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Bill Gates, philanthropist and co-founder of Microsoft, participates in a session titled  Investing in Prevention and Resilient Health Systems,  September 27, 2015 at the Clinton Global Initiative in New York.
Bill Gates, philanthropist and co-founder of Microsoft, participates in a session titled "Investing in Prevention and Resilient Health Systems," September 27, 2015 at the Clinton Global Initiative in New York.
Mark Lennihan—AP

Bill Gates is many things: CEO, billionaire, philanthropist, speed-reader. One thing he is not is a politician, and he doesn't intend to start soon.

During a wide-ranging Reddit AMA on Tuesday, the co-chair of the Bill & Melinda Gates Foundation answered questions on humanitarian issues, quantum computing, and which version of Windows he uses (for the record, it's "always updated Windows 10"). Here are the six most interesting things he had to say.

Bill Gates Is Happy With His Current Job

Just a day after billionaire Michael Bloomberg said he will not run for president of the U.S., the Microsoft founder also affirmed he doesn't want the highest office in the country.

"I like my current job at the Foundation better than I would being President," he responded to an inquiry about his Presidential potential. "Also I wouldn't be good at doing what you need to do to get elected. I thought Michael Bloomberg was thoughtful about why it didn't make sense for him to try and run even though he is a great executive."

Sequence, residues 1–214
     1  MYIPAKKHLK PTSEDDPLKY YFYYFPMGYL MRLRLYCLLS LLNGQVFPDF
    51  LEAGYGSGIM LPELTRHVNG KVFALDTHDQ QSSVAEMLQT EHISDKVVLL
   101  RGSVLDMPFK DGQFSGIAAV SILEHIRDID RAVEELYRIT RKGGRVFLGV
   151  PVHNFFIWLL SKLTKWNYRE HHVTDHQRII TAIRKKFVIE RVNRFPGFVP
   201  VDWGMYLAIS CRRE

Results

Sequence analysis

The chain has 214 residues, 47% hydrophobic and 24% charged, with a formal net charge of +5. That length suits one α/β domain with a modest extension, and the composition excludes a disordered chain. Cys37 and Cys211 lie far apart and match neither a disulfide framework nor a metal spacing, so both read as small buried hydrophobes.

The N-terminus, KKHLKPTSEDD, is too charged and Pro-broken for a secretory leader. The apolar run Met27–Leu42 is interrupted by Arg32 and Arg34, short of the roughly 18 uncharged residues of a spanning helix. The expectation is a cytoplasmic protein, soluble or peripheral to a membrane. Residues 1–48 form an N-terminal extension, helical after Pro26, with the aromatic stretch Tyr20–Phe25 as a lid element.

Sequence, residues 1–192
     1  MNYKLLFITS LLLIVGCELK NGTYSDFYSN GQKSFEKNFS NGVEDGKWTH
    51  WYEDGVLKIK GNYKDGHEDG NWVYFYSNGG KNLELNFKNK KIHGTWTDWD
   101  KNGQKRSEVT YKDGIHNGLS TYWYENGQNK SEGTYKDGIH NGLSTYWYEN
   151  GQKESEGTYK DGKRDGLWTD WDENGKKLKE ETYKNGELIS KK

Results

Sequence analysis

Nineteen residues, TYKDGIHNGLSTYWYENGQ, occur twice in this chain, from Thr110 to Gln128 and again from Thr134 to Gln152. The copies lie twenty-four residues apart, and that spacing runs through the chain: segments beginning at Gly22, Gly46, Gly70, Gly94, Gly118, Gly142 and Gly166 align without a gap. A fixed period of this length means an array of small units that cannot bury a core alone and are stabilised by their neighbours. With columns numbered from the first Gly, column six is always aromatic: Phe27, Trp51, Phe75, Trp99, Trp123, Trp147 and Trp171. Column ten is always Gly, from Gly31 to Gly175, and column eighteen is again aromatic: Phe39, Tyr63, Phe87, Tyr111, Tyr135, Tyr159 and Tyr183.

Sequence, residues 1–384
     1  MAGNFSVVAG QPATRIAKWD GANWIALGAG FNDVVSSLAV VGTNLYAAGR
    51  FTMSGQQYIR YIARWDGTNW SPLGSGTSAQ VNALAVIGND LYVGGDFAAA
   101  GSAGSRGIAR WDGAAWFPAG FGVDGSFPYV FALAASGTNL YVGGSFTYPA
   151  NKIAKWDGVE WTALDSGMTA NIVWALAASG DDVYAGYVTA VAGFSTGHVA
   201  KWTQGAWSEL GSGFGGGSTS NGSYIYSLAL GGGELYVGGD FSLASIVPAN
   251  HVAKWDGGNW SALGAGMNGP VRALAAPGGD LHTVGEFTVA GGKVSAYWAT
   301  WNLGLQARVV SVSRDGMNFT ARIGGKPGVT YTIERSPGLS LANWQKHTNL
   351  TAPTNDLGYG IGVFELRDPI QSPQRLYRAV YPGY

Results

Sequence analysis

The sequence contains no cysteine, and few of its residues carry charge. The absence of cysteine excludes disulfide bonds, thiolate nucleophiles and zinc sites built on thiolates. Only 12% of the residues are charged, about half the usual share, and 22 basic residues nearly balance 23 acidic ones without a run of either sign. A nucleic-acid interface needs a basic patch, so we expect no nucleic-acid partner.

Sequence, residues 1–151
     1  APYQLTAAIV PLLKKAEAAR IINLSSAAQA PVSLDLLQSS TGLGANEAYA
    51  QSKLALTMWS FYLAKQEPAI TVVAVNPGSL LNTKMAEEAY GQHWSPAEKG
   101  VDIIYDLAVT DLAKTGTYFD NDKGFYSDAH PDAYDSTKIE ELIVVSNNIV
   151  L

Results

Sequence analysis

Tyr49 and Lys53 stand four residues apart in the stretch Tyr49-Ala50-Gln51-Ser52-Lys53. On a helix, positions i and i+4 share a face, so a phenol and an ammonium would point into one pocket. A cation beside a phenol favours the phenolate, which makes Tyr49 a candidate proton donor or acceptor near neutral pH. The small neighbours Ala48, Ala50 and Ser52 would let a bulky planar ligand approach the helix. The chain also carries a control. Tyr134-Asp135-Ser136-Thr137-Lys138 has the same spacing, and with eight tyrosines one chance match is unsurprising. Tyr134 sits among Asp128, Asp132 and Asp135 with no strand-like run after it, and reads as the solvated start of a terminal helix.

When it was then suggested that his friend and fellow billionaire Warren Buffett throw his hat in the ring, Gates said "Warren also loves his current job too much to give it up!"

But He's Also Realized the Importance of Vacations

Another Redditor asked Gates if he plans to retire anytime soon. He again reiterated his love for his current job—which he hopes to continue working for "for another 30 years"— though he said he has changed his mind on one important part of work-life balance.

"I have the flexibility to work less if I wanted to and I do take vacations now," he replied. "When I was in my 20's I didn't believe in vacation so I have mellowed."

The Apple/FBI Case Is 'the Start of a Discussion'

Gates was asked for his take on the recent FBI/Apple debate, in which the tech company is refusing to unlock an iPhone belonging to a suspected terrorist in the San Bernadino shooting, claiming it violates the company's First Amendment right to free speech.

Gates said the there needs to be a more robust conversation around when the government can gather information.

He Doesn't Like Spending Money on Clothes

You don't reach an $87.4 billion net worth without being financially astute—and that includes knowing when to splurge and when to save. Gates' frugality is similar to his billionaire buddy Buffet's: The richest man in the world said he doesn't like to spend money on clothes or jewelry for himself, though he does "like to buy nice things" for his wife, Melinda.

"I think people's spending instincts are set when they are in high school," he said.

He Believe in Staying Curious

Beyond his business acumen, Gates is known for his love of reading; he publishes a reading list every year and tracks his reading habits on a blog. In addition to that, he often encourages people to never stop learning, and has invested in educational endeavors across the globe. So when another Redditor asked for the humanitarian's advice on life after high school, Gates replied in typical fashion, saying the value of a great education "is easy to underestimate," and that the "most interesting jobs" in STEM fields require a college degree. "The value of staying curious - reading a lot and learning new things even after college is also underestimated," he finished. In answer to a different question, he suggested taking a course to learn to speed read.

The Most Useful Thing Gates Ever Learned

When asked what the most useful thing he ever learned was, Gates replied "To read? To type? To think before speaking?"